Diane Loepke and Ali Abbott provide a community-based, socially structured group program for functionally impaired adults. The service in Jefferson City offers individual and group activities in a creative environment. The company charges fees for attendance.
Find Out More:, 573-635-4501,

Phase 2 Fitness
Using technology developed through the University of Missouri’s Biodesign and Innovation Program, Adam Rau’s company has developed a dual-pole weight machine he says will revolutionize the fitness industry. “Our product is built around the need for a user to safely and effectively perform eccentric exercises without the help of a trainer,” says Rau. “Our machine allows the user to select different weight amounts for the concentric (up) and eccentric (down) portion of an exercise.”
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Pick Champ
Matt Fischer’s Pick Champ is a social gaming platform that allows participants to challenge friends, families and people around the world to predict events. Available on a free mobile application, contests range from sports to entertainment to election returns. Pick Champ’s revenue stream comes from contest sponsorships and partnerships.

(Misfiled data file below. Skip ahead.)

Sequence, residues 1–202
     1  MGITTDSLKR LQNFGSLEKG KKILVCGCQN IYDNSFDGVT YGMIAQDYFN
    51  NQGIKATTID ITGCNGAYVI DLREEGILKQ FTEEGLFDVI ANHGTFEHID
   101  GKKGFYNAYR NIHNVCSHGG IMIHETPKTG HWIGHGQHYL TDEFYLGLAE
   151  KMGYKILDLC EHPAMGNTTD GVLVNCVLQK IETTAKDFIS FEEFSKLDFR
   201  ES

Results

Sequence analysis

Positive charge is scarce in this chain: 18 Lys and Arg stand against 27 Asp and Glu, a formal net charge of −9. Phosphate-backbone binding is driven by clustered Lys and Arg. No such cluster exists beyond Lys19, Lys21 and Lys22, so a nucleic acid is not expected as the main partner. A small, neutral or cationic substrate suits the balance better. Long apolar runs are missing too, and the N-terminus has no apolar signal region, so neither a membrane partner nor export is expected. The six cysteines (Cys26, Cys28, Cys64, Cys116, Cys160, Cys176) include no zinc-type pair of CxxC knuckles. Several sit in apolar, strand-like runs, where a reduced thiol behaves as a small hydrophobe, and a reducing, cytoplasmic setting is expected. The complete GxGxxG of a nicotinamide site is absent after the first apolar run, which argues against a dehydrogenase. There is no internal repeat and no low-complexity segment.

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Shock Box
Austin White and Benjamin Kessler, students at the State Technical College of Missouri in Linn, have developed a next-generation cellphone protective case that focuses on screen protection. The duo says the case is fire- and shock-resistant; the clear cover provides convenience. White and Kessler’s marketing plan is to sell the Shock Box in retail outlets.
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NEVER TOO YOUNG to be bitten by the entrepreneurial bug, these mid-Missouri teens have turned their passions into innovative business ideas.

Freight Care
Kingdom Christian Academy freshman Hunter Middleton took inspiration from his grandfather’s stories of his truck-driving days and came up with Freight Care, a referral service for over-the-road truckers in need of health care when away from home. The program helps truckers find nearby hospitals or doctors’ offices, makes appointments and provides routing. The revenue stream comes through referrals from physicians. The 15-year-old won first place in the high school category and $500.
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The Elementals
Macon High School students Maddie Hasten and JoAnn Schwieter head a student team that invests in people by raising funds and marketing students’ ideas. Their first project helped classmate Dominic Bergfield, a quadriplegic, acquire adaptive technology he used to publish his first book, Earth. The Elementals won the pitch competition’s $1,000 People’s Choice Award and garnered another $250 as the second-place winner in the high school category.